Magazine article Strategic Finance

Are You Identifying Your Most Significant Risks? Results from a COSO-Sponsored Survey Show That Companies Need to Do a Better Job in This Area

Magazine article Strategic Finance

Are You Identifying Your Most Significant Risks? Results from a COSO-Sponsored Survey Show That Companies Need to Do a Better Job in This Area

Article excerpt

The economic meltdown during the last three years continues to cause numerous stakeholders to question how boards and senior executives are overseeing their organizations' most significant risk exposures. Many have argued that some entities failed because they didn't focus enough on identifying, assessing, and managing their most important emerging risks that were threatening stakeholder value. For others, the pursuit of returns and growth through overly aggressive strategies overshadowed the underlying risks that management and the board had assumed to achieve performance targets. In some cases, organizational leaders were blindsided by unknown risks, largely because they lacked sufficient infrastructure to identify, assess, and monitor emerging risks within their enterprises and because they were overconfident about ad hoc approaches to risk management.

In light of these situations, numerous changes in risk oversight have been occurring. In May 2008, Standard & Poor's announced its efforts in evaluating an issuer's enterprise risk management (ERM) processes as an additional component of their credit evaluation procedures. In March 2010, the Securities & Exchange Commission (SEC) required publicly traded companies to begin providing in their annual proxy statements to shareholders disclosures that describe the board's role in risk oversight. In July 2010, President Obama signed the Federal Financial Reform legislation that mandates risk committees for boards of financial institutions and other entities the Federal Reserve oversees. And more changes are likely to be on the horizon.

To gain a sense of the state of risk oversight across numerous industries and organizations, the Committee of Sponsoring Organizations of the Treadway Commission (COSO) commissioned faculty in the Enterprise Risk Management Initiative at North Carolina State University to conduct a survey this past summer (for more information about the ERM Initiative, see www.erm.ncsu.edu).We conducted the research in conjunction with the member organizations of COSO, which are IMA[R] (Institute of Management Accountants), the American Accounting Association (AAA), American Institute of Certified Public Accountants (AICPA), Financial Executives International (FEI), and the Institute of Internal Auditors (IIA).We collected data during June and July 2010 through an online survey instrument sent electronically to members of each of those organizations. (The intended individual was a member of senior management.)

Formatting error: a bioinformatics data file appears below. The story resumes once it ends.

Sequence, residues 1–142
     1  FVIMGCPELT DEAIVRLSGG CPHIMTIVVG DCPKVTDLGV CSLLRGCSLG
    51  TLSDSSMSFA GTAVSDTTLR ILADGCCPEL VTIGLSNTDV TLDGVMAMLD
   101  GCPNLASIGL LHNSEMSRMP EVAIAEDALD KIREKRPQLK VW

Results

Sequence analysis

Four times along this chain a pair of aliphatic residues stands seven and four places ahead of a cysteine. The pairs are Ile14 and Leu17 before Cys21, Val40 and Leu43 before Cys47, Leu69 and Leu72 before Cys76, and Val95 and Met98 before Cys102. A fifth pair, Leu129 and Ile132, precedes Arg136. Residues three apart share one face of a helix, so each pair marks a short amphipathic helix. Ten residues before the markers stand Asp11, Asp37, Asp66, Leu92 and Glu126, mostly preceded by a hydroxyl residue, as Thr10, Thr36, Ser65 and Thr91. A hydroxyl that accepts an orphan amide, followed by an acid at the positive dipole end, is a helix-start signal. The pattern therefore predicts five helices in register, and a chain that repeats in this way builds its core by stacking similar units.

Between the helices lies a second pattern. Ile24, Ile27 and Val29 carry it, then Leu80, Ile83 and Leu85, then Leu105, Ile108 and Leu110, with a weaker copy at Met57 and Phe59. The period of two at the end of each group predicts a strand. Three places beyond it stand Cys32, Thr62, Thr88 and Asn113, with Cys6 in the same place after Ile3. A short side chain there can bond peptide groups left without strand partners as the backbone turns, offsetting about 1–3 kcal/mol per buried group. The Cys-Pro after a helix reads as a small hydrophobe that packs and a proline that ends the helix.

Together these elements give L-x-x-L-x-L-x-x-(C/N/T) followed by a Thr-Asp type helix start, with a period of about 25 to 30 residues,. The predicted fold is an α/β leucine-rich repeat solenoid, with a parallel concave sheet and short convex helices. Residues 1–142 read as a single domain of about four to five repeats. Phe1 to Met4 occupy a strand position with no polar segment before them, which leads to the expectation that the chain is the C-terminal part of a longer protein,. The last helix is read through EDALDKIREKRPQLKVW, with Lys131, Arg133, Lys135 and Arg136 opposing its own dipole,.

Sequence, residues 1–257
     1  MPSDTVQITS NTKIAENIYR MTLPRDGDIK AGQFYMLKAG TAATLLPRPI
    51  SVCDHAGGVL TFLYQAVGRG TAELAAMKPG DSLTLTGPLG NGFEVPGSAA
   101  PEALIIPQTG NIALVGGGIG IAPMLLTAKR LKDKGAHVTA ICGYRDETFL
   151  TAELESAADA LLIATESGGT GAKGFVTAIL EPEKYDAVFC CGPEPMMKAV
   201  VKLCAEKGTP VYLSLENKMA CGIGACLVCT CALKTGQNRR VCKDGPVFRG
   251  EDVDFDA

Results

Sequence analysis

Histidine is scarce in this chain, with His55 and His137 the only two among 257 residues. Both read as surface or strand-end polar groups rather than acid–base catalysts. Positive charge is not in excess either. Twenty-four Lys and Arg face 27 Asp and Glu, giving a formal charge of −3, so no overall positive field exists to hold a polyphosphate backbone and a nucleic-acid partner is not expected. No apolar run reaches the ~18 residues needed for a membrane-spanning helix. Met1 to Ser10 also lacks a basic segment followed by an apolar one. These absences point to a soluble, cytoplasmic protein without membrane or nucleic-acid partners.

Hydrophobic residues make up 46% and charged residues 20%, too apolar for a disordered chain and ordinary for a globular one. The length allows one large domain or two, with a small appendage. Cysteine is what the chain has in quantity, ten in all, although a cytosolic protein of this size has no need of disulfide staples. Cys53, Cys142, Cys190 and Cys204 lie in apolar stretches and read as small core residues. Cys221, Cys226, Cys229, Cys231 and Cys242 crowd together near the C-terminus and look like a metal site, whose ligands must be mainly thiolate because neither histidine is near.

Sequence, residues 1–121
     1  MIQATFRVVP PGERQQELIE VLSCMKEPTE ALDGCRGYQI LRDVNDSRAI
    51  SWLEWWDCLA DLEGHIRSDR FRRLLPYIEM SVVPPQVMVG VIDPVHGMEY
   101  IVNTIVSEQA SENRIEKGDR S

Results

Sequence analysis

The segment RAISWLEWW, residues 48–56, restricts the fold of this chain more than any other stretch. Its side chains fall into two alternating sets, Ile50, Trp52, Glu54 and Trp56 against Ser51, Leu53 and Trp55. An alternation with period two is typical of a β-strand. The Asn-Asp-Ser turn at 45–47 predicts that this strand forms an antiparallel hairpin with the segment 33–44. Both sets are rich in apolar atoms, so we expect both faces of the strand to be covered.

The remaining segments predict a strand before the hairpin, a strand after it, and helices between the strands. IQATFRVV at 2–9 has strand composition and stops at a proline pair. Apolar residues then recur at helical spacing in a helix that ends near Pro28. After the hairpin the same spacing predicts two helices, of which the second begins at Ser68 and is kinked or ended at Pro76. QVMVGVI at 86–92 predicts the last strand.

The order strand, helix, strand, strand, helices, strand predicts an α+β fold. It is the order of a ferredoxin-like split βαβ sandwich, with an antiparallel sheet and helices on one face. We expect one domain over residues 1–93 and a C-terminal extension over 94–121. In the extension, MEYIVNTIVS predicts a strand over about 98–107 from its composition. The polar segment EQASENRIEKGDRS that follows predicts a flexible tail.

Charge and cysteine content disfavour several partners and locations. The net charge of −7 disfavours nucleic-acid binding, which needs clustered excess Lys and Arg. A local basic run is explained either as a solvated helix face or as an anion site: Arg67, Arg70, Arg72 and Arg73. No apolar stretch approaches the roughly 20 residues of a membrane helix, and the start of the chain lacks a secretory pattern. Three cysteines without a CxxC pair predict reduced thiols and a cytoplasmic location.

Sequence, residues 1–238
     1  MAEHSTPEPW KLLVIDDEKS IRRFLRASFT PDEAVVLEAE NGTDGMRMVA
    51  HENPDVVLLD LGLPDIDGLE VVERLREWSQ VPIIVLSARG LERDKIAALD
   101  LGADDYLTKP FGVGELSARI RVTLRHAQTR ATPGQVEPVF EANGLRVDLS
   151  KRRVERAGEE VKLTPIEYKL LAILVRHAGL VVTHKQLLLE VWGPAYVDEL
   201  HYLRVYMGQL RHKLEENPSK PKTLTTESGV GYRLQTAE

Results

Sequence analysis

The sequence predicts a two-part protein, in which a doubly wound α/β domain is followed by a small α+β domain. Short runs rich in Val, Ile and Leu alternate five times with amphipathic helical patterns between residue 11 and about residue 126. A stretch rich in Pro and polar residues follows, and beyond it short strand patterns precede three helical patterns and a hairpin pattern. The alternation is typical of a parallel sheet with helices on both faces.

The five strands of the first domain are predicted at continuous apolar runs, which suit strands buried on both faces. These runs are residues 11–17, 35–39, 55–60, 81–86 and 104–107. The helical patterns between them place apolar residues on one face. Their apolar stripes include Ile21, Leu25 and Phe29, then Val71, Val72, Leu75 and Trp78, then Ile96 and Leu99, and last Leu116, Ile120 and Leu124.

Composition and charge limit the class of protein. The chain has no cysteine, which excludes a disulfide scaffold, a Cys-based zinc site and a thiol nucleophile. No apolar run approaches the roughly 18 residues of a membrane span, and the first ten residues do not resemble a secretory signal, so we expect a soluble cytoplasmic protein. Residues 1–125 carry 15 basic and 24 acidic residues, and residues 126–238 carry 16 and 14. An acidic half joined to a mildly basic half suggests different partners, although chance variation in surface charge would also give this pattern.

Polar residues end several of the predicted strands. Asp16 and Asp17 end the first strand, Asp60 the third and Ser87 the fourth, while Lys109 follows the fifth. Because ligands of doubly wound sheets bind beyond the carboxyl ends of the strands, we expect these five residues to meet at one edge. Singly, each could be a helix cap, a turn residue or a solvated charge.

We targeted the survey to individuals involved in leading ERM-related processes or who are knowledgeable about those efforts within their organization. We received 460 partially or fully completed surveys. (Not all questions were completed by all 460 respondents. In some cases, the questions weren't applicable because of the respondents' answers to other questions, and, in other cases, the respondents chose to skip a particular question.) Now we'll provide a summary of the key findings from the study and include observations about factors affecting how likely enterprises will embrace ERM going forward.

Description of Respondents

Because the term "ERM" is used often but isn't necessarily understood by everyone in the same way, we provided respondents the following definition of enterprise risk management, which is the definition included in COSO's 2004 Enterprise Risk Management--Integrated Framework:

"Enterprise risk management is a process, effected by an entity's board of directors, management and other personnel, applied in strategy setting and across the enterprise, designed to identify potential events that may affect the entity, and manage risks to be within its risk appetite, to provide reasonable assurance regarding the achievement of entity objectives."

The largest category of respondents is head of internal audit (37%), followed by chief financial officer (CFO) at 23%. Other respondents include the head of risk management or chief risk officer (12%), controller (10%), member of the board of directors (6%), and numerous other executive positions. …

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